Destructors present a troubling problem for garbage collectors. Destructors are safe because we can guarantee that they are run when the struct is dropped, but something garbage collected will not actually be dropped (and the destructor run) until much later. This can cause two problems:

  • If the destructor accesses other Gc'd data, that data might have been freed earlier by the collector.
  • If the destructor accesses data on the stack, that data might have been freed when the stack was popped before the collector ran.

As a result, the GC does not run destructors on its objects. Instead, it runs a finalizer just before collecting each object. You can define what happens in the finalizer by implementing the Finalize trait for your type and adding a #[gc(finalize)] attribute to your struct:

struct Foo;

impl elise::Finalize for Foo {
    fn finalize(&mut self) {
        println!("Collecting a Foo");

Because Finalize does not give you a Gc pointer to your type, you cannot access other Gc pointers (in other words, you cannot "prove rootedness" because you are no longer rooted in the finalizer.) However, this is insufficient for preventing you from accessing other non-owned data, like stack references.

As a result, if your type contains any lifetimes other than 'root, attempting to implement a finalizer like this will fail. Instead, you will need to implement an unsafe finalizer:

struct Foo<'a>(&'a i32);

unsafe impl elise::UnsafeFinalize for Foo {
    fn finalize(&mut self) {
        println!("Collecting a Foo");

You must audit these finalizers and guarantee that your finalizer never reads from the any of the borrowed references inside of it, otherwise your code is not safe and contains undefined behavior.

Interior mutability

The final problem is interior mutability: you can only get a shared reference to a GC'd pointer, ideally you would be able to mutate things inside of it using some form of interior mutability.

The unique problem has to do with tracing. Let's say you have a RefCell>> inside of your type:

let x: Gc<RefCell<Option<GcStore<i32>>>>;

let moved: GcStore<i32> = x.borrow_mut().take().unwrap();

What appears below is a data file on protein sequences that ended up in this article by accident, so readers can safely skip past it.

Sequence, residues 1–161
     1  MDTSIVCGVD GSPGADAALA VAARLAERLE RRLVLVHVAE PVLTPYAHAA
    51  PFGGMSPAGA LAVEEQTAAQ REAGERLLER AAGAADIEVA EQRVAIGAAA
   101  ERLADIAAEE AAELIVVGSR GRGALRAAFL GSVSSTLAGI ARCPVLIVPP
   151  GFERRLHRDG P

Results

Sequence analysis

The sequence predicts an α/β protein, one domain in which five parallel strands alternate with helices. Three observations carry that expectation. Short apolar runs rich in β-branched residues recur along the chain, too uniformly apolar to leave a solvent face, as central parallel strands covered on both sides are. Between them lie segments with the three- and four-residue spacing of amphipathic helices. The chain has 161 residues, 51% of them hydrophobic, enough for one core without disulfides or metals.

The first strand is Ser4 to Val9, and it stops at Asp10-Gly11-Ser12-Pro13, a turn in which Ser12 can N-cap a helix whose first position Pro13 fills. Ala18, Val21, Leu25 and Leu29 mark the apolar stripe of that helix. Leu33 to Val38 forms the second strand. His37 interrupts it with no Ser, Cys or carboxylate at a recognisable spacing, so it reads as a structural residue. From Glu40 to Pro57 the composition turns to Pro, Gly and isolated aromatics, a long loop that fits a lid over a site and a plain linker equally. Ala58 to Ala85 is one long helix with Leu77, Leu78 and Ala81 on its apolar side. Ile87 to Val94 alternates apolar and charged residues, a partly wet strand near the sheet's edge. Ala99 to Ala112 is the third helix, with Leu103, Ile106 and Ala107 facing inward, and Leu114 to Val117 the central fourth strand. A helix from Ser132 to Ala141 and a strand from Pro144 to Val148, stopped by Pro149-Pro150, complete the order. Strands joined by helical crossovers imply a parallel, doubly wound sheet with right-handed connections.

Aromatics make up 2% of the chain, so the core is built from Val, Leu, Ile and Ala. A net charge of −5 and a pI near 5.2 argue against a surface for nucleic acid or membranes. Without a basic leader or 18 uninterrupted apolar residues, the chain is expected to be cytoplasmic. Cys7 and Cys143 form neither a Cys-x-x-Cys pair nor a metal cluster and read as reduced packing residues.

// The value behind `x` is now `None`. The `moved` variable is not being traced
// at all, its entirely unrooted!

// Run the garbage collector. Because `moved` is unrooted, it will be
// collected. `moved` is now a dangling pointer

// Put the moved and dangling pointer back into `x`:
*x.borrow_mut() = Some(moved);

// Observe `x`, which is now dangling. Segfault!
println!("{}", x);

We cannot allow you to move traced GcStore pointers around without some other mechanism of rooting them.

For this reason, elise currently provides only partial support for interior mutability:

  • There is a separate trait called NullTrace, which indicates that tracing through this type is a no-op (i.e. it contains no Gc'd pointers). You are free to have Cell and RefCell types containing NullTrace data.
  • PinCell is trace safe, because it does not allow you to move the data it gives you. If you can't move the data, you can't unroot it.

In other words, you are free to have normal interior mutability of anything that doesn't contain a Gc pointer, and you can have partial interior mutability (only pinned mutable references) for things that do contain Gc pointers.

Note that PinCell introduces some problems for copying collectors, because it gives you a Pin<&mut T>, which other code (e.g. async/await code) might rely on memory stability (as opposed to semantic stability, which we rely on).

Its an open problem to find new abstractable APIs which allow moving data only between traced memory locations, which would allow you to safely move Gc pointers around.